I don’t really care for New Year’s resolutions. The term resolution, if you look it up in a Webster’s dictionary, is the act of answering, solving, or mending. So to me, making New Year’s resolutions makes me think that there have been problems with how I have lived in the past year, and discounts accomplishments made rather than embrace that each year is a process and progression. I also don’t like the idea of waiting until the end of the year to start putting change into motion if there is a problem. If there is a cause for unhappiness, I think it should be dealt with immediately.
I do like to meditate on what goals or themes I’d like to accomplish in the new year. That may sound just like resolutions to you, but to me they are so much more. To me, goals are gifts that I am going to earn and give to myself. They are going to center me in my work and personal life and help me prioritize my time, as well as force me to check in with myself on a quarterly basis to review my progress. I also limit them to three or less; for 2014, I have two.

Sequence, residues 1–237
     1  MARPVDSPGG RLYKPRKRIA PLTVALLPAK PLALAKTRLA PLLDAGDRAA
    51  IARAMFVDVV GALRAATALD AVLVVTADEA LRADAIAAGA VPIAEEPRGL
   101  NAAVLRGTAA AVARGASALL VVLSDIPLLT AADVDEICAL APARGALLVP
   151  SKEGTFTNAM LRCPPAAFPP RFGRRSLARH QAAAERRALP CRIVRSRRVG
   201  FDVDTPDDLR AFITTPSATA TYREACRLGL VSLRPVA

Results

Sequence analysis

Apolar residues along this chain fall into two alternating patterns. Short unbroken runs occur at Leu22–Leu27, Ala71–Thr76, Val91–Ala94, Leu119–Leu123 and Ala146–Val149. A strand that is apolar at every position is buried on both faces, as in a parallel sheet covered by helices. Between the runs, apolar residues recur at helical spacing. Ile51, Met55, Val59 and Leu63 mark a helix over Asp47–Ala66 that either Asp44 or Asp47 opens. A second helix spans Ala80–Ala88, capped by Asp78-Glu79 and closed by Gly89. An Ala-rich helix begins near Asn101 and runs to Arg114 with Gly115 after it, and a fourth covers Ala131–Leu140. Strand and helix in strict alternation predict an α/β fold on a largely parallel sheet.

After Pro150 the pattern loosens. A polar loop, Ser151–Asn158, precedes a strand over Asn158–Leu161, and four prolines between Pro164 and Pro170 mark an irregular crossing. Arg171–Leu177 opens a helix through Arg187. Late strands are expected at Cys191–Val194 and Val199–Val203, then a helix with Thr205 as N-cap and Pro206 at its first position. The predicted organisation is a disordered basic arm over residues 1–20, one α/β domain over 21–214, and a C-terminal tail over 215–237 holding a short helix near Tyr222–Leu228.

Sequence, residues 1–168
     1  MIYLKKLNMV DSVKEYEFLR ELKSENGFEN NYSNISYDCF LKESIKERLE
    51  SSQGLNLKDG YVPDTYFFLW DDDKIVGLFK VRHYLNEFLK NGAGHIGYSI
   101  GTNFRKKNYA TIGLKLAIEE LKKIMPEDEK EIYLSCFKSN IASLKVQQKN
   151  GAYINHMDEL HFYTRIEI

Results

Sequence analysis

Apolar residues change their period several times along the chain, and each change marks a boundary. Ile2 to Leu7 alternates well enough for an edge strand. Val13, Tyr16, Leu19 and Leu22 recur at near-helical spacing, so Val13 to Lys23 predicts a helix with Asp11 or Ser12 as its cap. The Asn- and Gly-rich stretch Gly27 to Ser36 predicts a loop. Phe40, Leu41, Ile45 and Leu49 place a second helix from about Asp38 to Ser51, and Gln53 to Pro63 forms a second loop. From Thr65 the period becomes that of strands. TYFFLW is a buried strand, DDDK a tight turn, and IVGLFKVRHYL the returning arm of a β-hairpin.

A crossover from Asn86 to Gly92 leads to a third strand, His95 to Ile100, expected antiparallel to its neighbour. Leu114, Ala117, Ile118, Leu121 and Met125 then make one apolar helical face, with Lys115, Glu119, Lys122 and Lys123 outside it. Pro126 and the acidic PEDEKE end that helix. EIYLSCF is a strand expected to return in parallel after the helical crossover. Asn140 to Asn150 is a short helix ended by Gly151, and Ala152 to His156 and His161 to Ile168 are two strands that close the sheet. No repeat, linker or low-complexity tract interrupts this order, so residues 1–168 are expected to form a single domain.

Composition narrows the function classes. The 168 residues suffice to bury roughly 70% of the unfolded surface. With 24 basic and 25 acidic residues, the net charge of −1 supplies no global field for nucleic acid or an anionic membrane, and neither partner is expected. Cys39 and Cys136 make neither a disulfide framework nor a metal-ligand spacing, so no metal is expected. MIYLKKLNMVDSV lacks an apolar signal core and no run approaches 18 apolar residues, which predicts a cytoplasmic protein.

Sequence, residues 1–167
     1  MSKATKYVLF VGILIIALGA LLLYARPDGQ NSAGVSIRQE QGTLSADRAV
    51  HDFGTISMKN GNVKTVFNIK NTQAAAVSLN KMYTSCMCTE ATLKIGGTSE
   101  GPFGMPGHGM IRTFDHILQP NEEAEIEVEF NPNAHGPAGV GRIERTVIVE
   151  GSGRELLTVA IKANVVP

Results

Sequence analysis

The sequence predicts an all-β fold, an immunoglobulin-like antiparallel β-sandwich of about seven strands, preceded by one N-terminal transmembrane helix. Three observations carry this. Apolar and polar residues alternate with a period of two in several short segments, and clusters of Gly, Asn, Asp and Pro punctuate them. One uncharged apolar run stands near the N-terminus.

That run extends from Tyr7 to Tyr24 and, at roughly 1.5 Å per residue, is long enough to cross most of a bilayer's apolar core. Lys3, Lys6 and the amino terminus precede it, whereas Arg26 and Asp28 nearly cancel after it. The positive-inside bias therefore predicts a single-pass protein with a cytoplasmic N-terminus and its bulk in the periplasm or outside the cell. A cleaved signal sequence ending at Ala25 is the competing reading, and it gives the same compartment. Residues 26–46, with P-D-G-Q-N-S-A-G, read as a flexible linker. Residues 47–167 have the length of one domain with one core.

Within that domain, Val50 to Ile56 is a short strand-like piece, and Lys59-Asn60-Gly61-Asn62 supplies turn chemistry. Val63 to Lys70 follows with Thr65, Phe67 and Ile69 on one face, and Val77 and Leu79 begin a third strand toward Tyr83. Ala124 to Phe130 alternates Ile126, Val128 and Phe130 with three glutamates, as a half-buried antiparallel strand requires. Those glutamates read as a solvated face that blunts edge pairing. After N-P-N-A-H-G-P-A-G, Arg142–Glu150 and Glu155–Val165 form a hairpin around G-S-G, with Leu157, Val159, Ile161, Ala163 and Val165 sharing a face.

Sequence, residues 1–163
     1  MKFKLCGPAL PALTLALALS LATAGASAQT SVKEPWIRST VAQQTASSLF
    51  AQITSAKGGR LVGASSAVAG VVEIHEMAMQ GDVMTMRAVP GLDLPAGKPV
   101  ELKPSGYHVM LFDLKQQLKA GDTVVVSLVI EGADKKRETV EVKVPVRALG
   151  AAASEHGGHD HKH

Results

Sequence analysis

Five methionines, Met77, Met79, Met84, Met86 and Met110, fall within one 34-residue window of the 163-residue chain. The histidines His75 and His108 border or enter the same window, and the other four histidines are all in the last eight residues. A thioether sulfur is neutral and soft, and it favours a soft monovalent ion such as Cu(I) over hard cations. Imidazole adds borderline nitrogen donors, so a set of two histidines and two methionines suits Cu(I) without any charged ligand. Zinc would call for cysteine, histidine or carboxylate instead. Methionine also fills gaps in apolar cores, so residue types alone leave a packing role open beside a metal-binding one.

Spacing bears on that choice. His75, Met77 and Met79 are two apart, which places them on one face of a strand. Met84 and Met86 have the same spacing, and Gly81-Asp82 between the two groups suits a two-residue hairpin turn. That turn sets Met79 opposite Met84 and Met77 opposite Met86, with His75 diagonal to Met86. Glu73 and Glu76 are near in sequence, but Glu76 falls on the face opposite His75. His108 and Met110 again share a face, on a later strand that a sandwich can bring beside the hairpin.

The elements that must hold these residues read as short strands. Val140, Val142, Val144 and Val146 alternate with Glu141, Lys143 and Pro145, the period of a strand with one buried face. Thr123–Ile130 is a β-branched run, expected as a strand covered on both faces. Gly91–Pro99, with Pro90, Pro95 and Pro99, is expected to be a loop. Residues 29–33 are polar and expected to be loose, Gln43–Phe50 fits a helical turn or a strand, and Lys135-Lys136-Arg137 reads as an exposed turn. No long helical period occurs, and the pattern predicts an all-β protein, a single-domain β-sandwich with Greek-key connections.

Check out mine for 2014:
1. My biggest, most important goal for 2014 is to give myself more space. I have outgrown my apartment. I now require more space so that I can find quiet privacy behind a closed door that isn’t the bathroom, a place to sit in the sun and enjoy my tea and book. I also need to allow myself to gain mental space, to allow myself moments of nothing without guilt and instead be content with staying still, alone, and at home.
2. The second is much more concrete but less important than the first. I want to earn $100,000 in 2014. That may sound like a lot, but I’ve looked at what it will take and it’s not an impossible goal. The truth is that it is less about the dollar amount and more about the financial stability and what I know I will do with what I earn.
Now the true discipline is to remind myself every day of 2014 that these are what I want to focus on. I do that by including them as affirmations at the end of my morning journaling. To write affirmations, the sentence assumes that you have or are the goals that you have set for yourself. For example:
I have physical and mental space to grow into.
I have earned $100,000 this year.
Many of you will probably ponder over what change you would like to conjure up this next year. I challenge you to make it something positive for yourself and turn it around into an affirmation. For example, if you are looking to lose weight, make it less about being overweight and more about how you positively feel/are or what you do. (i.e., Your affirmation should read “I am healthy,” or “I cycle 3 times a week,” not “I am not fat.”)
Remember, you don’t need mending or to be fixed. You are a work in progress and that’s perfect.